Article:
Off The Beaten Path: A Kentucky zoo and the family that runs it
LEXINGTON, Ky. (WKYT) - The sign welcoming you to Wendt’s Wildlife Adventure in Nicholas County depicts a sloth hanging from the branch of a tree. Just off US 68 near Carlisle on Maysville Road you’ll find sloths and so much more.
Some 500 animals from 35 species inhabit this family-run zoo created by Wisconsin transplants Shaun and Julie Wendt. The couple opened their zoo two years ago after working and living on the road doing pig races, camel rides, and petting zoos from New York to Florida.
Julie says it was a fun time because she and her husband spent all their time together. They even homeschooled their two oldest boys, Colt, and Eli, on the road.
But Julie says life on the road was also tough. “Set up a show and stay there a week. Tear down, set up, and repeat. So, there was a lot of physical labor involved with that.”
When the Wendts had their youngest child, daughter Ava, they decided it was time to come off the road. They settled in Nicholas County where they bought a 125-acre farm.
Shaun says their plan to operate a small zoo quickly grew. “It’s more work than we bargained for. I just thought we’d set up it up and coast along, but there’s been no coasting.”
After parking visitors go into a welcome center where zoo merchandise like t-shirts and cold refreshments are available. It’s also where people can buy cups of small carrots to feed the animals. The Wendts encourage visitors to interact with the animals when it’s possible.
Julie enjoys watching when visitors connect with the animals. “It’s fun to see the reactions of people. People are so happy when they come here and see all the animals. Here people can get up close and personal.”
Inside the welcome center, there are different species of birds including parakeets, turtles, snakes, lizards, goats, and three sloths named Charlie, Lola, and Sunshine plus a baby born on Easter Sunday.
Outside the welcome center, people can walk across a covered wood bridge over a stream. There’s a playground and picnic area nearby. Visitors will see “Hair Sheep” that look like goats, and you can walk inside the “Parakeet Encounter” where 250 birds are sitting and flying by.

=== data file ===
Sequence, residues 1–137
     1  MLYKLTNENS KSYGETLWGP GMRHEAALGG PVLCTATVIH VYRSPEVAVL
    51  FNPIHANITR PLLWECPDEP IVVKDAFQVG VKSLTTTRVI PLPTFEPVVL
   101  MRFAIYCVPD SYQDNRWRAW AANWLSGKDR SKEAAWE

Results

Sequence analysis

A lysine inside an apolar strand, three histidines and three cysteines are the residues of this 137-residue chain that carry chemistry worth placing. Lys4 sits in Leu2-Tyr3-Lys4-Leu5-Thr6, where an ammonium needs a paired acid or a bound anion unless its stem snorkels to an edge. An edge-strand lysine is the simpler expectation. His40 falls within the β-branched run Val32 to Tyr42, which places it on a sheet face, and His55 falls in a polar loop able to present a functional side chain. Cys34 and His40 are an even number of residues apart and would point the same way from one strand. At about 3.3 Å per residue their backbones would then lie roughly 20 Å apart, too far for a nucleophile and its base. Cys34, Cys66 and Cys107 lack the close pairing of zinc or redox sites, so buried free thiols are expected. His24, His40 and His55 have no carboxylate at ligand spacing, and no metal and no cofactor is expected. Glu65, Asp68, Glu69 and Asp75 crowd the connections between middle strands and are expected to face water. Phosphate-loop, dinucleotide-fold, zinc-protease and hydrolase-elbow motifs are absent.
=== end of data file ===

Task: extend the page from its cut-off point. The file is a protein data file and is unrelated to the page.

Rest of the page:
Shaun says carrots are a good food for many animals.
“Most of the animals around here will eat carrots. It’s a good source of nutrition and fiber for the animal without overfeeding the animals like you would if you gave ‘em a lot of sweet food.”
A short walk up a hill takes you by zebras and camels. Shaun introduced a couple of the camels. “This is Junior, and this is George. Anybody that’s been to the Kentucky Horse Park at Southern Lights have seen these guys.” Junior is seven-foot-two inches tall and weighs about 1650 lbs. They are curious animals like many at this zoo that enjoy meeting people.
Each animal exhibit has an information sign so visitors can learn more about the animal’s native country and habitat. Last year the Wendts say about 5,000 school children came to the zoo on field trips.
Last month, Jenna Dodge from Mason Country brought Annabelle, her toddler daughter, to see the animals, and feed the goats. “I think it’s nice to have a place like this close to home that we can bring our kids to, that we don’t have to travel hours away to get to. If you don’t live on a farm, you don’t get exposed to these types of animals, and I think it’s important for littles to be around different types of animals.”
For Julie and Shaun Wendt, it’s gratifying to see people enjoy the animals. Shaun says, “the first week we were open, and I saw people enjoying something you built. There are not very many people that can say they’ve realized that, but it’s kind of amazing to see.”
Wendt’s Wildlife Adventure is open Wednesday thru Sunday. There’s even some Kentucky history to explore. The last cabin that Daniel Boone lived in before leaving Kentucky is on the property for people to see. Historians say the one-room cabin was built by Boone in 1795. He and his wife Rebecca lived there until they left for Missouri in 1799.
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